The boy has been pestering me to buy and paint a full unit of Rebel Mini’s slick new Sons of Thunder alien dwarves. He’s a bit jaded on the skirmish level gaming after seeing four of his Mangalorc gang killed in action and his leader captured by his sister’s all girl gang. He’s ready for some one-offs, and you can’t really blame him. His enthusiasm was infectious, resulting in me cracking open the Tomorrow’s War and boning up enough to run through the introductory scenario, Lost and Found.
I’d read a few after action reports (AAR) on this scenario, like this one, this one, and this one. That helped resolve a few questions before they’d even arisen, and meant that I knew what to expect out of the game…or did I? We’ll get back to that, but first, and interlude:
One of the cool things about Tomorrow’s War is that it is scenario driven, and not points driven. That means that most everybody is going to cut their teeth on the game by playing the scenarios detailed in the main rulebook. It’s a minor point, but it’s worth mentioning that it does help you feel like part of a community when you play the same game as others, even if those games are separated by 1,000 miles and two years.
With that out of the way, let’s jump right into the action.
Here’s the table setup at the start of the game. You’ve got the Ladies In Blue (the USMC for those of you following along at home), a small high-tech squad of well motivated and well trained professional soldiers attempting to move north to make contact and rescue the famous movie star, Wally (a downed pilot per the rules as written). Shown here, the ladies are represented by three fire teams whose movement and fire is shown in yellow. They are represented by a mix of Rebel Mini Black Widow mercs and Laserburn Law Officers.
Opposing them is a mixed force of alien mercenaries (by GZG) and yellow suited aliens (by Rebel Minis) broken up into four fire teams shown in bright green. The rules list these as the DPRG, a larger force of motivated, but not nearly as well equipped or trained regular troops who want to keep that robot on the table through Turn 8, and rack up as many kills and POWs as possible while doing so.
In turn one, the ladies send Fireteam Alpha sprinting north while Fireteams Bravo and Charlie take up flanking positions. The Allied Forces lurk in the woods for the turn, waiting for a more opportune moment to light up the battlefield. That moment presents itself moments later…
The two flanking units exchange first fire. This would set the pattern for the bulk of the game. Meanwhile, Fireteam Alpha slowly approaches Wally, trying to stay under cover for just one turn to make a safe dash for the pilot in the following turn.
But before they could make that dash, the Allies triggered an old booby-trap of their very own, set in the eastern woods during a previous engagement – likely the one that turned a set of ruins to the north into a giant crater. The net effect of the Fog of War card was…one less bomb for the UXO boys to have to collect later.
Meanwhile, in the center, the Ladies were ready to score the first victory points of the day by making contact and answering the age old question of, “Where’s Wally?” As the flankers continued to trade blows to no real effect, Allied Fireteam Three lit up the Ladies Fireteam Alpha like a Christmas tree. A brutal exchange of fire left the Allies unhurt and the Ladies pinned, which allowing the Allied Fireteam Four to rush right up to the old farmhouse, where they psyched themselves up for…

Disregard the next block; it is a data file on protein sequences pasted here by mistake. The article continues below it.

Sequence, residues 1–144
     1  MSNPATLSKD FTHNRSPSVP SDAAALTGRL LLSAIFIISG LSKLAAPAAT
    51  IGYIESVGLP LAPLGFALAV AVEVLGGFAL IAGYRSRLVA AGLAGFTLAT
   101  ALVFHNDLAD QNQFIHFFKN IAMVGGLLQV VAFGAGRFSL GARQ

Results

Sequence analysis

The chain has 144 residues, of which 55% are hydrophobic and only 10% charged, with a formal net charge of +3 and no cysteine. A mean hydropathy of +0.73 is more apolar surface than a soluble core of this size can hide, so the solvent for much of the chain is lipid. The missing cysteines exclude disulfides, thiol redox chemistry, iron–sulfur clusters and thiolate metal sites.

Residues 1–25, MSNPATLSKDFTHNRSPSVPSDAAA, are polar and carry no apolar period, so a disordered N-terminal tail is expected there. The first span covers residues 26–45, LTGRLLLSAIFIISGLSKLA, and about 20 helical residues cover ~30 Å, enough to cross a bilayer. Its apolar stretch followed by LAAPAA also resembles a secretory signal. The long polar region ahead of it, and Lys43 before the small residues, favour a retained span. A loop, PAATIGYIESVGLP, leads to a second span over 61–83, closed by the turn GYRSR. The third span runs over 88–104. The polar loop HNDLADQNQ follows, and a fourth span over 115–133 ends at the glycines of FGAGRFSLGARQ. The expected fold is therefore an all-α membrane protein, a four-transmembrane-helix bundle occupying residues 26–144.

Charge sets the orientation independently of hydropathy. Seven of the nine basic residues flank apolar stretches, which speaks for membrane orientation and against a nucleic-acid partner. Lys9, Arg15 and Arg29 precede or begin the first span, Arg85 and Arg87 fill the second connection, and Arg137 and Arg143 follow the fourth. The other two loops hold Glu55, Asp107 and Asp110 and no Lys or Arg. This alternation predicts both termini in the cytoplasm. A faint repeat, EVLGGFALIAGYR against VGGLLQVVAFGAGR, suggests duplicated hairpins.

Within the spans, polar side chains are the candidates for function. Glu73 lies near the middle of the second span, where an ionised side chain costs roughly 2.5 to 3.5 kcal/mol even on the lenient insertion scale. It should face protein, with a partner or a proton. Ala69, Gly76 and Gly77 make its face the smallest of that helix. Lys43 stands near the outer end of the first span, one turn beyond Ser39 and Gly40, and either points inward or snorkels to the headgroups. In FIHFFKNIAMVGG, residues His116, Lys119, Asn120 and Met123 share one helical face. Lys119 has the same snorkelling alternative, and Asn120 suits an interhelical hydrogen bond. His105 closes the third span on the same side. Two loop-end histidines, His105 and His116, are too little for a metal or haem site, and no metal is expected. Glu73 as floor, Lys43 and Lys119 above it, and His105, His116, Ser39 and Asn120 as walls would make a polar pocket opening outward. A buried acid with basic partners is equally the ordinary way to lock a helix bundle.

…the big grapple. With the ladies in the center depleted and demoralized by the previous turn, the still fresh Allied Fireteam was able to hold them off and found themselves…
…dead or captured. This photo is blurry to represent the bitter tears of anger and frustration your humble editor felt and the pain and humiliation of losing two brave ladies KIA and seeing another paraded around Allied-ville, to say nothing of the secrets pried out of the most adorable trash compacting robot ever to grace the silver screen.
All hope was not lost, however. If Fireteam Charlie could make a solid blow on the right flank and a quick push for Wally, the day could be salvaged…
Yeah, this doesn’t help. Technically, this is the start of Turn 5. After tallying up the Allied VPs gained through POW, KIA, and heavy casualties inflicted the score stood at 11-0. With no way of scoring more than 10 VP (3 for contacting Wally, 7 for getting off board by game’s end, and all this with only 4 remaining combat effectives), I conceded the game.
Post Game Wrapup
The major turning point actually came in the second turn when the USMC/Ladies lost the initiative never to recover it. That was a real backbreaker in that it forced the USMC/Ladies to keep reacting to events rather than driving them. The total inability of the USMC/Ladies to win a Reaction contest wasn’t helpful either. Again, the well trained force just didn’t have the drive or motivation, and paid dearly for it.
Before playing this scenario, it seemed like the general consensus around the internet was that this scenario is overly balanced in favor of the USMC/Ladies, but now that I need links to those reports, all I can find are reports that it’s a close game and evenly balanced. Go figure. At any rate, we didn’t find the game overly balanced. A few dice breaks either way could easily have turned the tide of the game. While it’s hard to tell after just one game, it also seems like the Ladies/USMC could have benefited from a more aggressive strategy as well. We will be punching up the terrain a bit and playing this again next chance we get.
Oh, and hey, the crunch in this report is pretty light, but if you can think of anything we might have done wrong here or rolls we might have missed, feel free to let me know. This was only our second game, and while it went faster than the first, it still feels like we’re missing something fundamental in our play.